Drug against COVID: US moves to make antiviral more accessible


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The U.S. is taking action to make an antiviral to treat COVID-19 more accessible. 

Echoing pledges made earlier this year, the Biden administration announced that the first federally-supported test-to-treat site is opening in Rhode Island on Thursday, providing COVID-positive patients with immediate access to Paxlovid. 

Additional sites are slated to open in Illinois and New York. 

The White House said that the oral antiviral COVID pill reduces risk of hospitalization or death from the illness by about 90%.  

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“Since Paxlovid was first authorized in December 2021, the administration has moved quickly to ensure that these treatments are widely available and that health care providers and patients know about their availability and efficacy. These efforts include a Test-to-Treat initiative to help make it easier for people to quickly access oral antiviral treatments in one convenient location. There are now more than 2,500 Test-to-Treat locations across the country at local pharmacies and community health centers—up from 2,200 a month ago,” the administration said in a statement.

It said that the number of people benefiting from oral antivirals in the last seven weeks has increased by more than six-fold and that the number of sites where Paxlovid is available has doubled nationally, up to nearly 40,000 locations.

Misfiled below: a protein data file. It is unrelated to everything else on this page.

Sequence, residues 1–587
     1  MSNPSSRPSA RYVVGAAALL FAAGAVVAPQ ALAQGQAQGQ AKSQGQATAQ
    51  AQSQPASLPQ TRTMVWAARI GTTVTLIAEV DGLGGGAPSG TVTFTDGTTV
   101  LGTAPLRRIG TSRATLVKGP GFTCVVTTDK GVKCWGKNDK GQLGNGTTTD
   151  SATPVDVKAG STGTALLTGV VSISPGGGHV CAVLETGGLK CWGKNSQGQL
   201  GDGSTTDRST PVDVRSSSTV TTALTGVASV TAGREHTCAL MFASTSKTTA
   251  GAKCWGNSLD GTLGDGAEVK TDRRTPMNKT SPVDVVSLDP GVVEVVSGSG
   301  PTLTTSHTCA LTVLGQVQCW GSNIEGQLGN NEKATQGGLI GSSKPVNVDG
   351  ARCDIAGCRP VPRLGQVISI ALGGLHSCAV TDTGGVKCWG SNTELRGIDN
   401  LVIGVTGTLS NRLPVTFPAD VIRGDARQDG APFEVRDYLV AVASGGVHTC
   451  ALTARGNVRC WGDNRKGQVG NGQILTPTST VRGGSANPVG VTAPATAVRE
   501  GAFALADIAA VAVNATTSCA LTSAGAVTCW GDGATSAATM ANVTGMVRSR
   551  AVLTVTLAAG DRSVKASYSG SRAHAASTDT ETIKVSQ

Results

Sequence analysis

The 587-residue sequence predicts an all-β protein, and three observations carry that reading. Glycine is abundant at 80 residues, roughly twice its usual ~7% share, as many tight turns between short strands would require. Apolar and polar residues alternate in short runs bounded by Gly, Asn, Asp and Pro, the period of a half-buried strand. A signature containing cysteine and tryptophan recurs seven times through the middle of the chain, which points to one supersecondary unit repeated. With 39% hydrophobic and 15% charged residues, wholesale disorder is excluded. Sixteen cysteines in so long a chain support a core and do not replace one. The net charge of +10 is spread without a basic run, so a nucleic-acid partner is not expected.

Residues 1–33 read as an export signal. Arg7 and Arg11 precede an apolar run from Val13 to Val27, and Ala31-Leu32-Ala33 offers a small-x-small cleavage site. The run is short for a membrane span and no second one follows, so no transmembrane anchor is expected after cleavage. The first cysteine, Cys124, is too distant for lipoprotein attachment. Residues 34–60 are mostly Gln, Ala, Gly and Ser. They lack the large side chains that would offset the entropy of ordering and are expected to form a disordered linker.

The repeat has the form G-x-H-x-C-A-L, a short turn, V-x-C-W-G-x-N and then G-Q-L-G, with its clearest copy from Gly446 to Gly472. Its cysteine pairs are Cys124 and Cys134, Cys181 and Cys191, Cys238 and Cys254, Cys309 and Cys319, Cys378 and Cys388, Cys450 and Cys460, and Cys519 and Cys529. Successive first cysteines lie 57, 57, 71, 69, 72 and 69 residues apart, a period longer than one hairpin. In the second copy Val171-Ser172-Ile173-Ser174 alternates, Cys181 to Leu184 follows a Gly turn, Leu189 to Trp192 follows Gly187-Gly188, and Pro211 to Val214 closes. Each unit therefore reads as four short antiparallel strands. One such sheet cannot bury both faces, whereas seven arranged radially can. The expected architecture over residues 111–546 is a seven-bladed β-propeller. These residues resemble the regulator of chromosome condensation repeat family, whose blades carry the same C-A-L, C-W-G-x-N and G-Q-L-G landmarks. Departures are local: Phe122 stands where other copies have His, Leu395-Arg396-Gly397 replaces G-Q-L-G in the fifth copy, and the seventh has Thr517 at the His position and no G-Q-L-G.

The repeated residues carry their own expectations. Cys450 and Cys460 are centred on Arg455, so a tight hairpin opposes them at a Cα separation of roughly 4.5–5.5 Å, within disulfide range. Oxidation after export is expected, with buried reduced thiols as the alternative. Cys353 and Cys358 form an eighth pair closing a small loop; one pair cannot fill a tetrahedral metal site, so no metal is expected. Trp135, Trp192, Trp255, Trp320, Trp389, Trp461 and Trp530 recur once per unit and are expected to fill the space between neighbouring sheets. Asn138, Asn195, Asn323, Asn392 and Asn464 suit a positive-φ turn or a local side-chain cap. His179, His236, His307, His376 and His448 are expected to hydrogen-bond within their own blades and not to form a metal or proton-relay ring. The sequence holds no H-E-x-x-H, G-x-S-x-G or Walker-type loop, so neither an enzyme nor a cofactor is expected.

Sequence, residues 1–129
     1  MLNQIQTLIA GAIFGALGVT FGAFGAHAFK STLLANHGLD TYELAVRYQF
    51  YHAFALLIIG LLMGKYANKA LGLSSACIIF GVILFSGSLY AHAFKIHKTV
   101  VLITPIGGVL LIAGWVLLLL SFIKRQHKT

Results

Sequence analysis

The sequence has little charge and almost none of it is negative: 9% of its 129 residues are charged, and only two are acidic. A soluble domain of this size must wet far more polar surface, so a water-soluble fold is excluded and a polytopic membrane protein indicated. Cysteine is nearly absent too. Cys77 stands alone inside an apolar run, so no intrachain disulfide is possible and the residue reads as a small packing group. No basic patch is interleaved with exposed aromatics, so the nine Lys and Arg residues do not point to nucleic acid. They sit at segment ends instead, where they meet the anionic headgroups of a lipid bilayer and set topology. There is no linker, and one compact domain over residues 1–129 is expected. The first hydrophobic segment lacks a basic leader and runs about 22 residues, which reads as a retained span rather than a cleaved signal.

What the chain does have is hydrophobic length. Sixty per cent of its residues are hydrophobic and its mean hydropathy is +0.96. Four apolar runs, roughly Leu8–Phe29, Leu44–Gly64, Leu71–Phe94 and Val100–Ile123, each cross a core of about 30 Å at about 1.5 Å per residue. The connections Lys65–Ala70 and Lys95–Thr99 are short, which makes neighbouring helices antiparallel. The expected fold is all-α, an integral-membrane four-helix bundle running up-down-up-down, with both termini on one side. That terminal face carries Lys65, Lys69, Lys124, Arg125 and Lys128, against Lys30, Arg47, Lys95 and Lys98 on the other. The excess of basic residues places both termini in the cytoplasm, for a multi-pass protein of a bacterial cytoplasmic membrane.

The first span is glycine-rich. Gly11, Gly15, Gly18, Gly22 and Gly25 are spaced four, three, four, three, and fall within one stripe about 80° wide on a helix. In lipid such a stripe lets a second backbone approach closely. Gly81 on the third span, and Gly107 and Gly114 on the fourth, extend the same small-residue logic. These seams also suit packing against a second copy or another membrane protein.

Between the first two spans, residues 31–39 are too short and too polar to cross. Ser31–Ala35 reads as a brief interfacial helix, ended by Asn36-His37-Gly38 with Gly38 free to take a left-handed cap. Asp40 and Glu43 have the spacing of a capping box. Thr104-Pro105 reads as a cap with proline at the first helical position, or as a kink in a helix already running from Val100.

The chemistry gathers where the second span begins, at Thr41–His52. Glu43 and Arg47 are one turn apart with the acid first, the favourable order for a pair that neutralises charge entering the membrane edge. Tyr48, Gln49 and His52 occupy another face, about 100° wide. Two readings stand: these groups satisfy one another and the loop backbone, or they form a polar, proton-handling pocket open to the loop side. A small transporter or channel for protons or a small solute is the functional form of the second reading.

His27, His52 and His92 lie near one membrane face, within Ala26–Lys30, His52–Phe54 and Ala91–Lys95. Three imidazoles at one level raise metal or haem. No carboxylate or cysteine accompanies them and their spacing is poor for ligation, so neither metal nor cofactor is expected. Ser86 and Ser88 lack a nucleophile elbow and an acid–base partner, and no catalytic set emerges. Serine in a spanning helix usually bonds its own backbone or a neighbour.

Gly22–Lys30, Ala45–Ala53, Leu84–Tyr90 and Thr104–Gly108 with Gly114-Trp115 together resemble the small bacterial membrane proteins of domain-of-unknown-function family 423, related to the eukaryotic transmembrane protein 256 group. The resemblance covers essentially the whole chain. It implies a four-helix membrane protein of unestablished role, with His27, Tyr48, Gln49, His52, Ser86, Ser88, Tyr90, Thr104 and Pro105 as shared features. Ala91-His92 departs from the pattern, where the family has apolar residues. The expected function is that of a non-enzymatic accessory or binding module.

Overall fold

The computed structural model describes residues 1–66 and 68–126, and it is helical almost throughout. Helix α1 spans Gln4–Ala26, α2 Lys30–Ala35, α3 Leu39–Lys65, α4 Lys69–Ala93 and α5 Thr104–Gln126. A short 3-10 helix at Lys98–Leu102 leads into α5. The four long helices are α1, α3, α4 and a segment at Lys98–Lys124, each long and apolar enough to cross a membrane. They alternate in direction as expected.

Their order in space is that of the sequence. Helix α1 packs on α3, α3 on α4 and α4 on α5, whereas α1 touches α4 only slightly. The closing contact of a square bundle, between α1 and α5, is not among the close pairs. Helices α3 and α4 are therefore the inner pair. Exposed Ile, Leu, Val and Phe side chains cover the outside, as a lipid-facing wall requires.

White House COVID-19 Response Coordinator Dr. Ashish Jha speaks during the daily briefing at the White House in Washington, Tuesday, April 26, 2022. 

White House COVID-19 Response Coordinator Dr. Ashish Jha speaks during the daily briefing at the White House in Washington, Tuesday, April 26, 2022. 
(AP Photo/Susan Walsh)

40% of the pharmacy sites that have oral antivirals available are located in communities with the highest levels of social vulnerability. 

In addition, clinical personnel will be deployed to support state-run sites in Minnesota.

There are now more than 2,500 test-to-treat sites across the country at local pharmacies and community health centers.

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Federal health agencies have issued updated guidance to assist health care providers stay up to date and navigate drug-drug interactions and contraindications.

Confirmed COVID-19 infections in the U.S. have quadrupled since late March. 

However, deaths from infections have steadily declined.

White House COVID-19 coordinator Dr. Ashish Jha credited vaccines and a more than four-fold increase in prescriptions for Paxlovid over the last six weeks. 

He told The Associated Press that bout 25,000 to 30,000 courses of Paxlovid are being prescribed each day. 

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“Being vaccinated and boosted is a huge part of making sure that those kinds of activities are substantially safer,” he said. “And then, of course, we want to make Paxlovid as widely available across the entire country, so that if you do end up getting a breakthrough infection, you’re still protected against serious illness.”

The U.S. has ordered 20 million courses of Paxlovid from the drugmaker Pfizer. Paxlovid is approved for emergency use by the Food and Drug Administration. Possible side effects include allergic reactions, liver problems and other issues.

The Associated Press contributed to this report.



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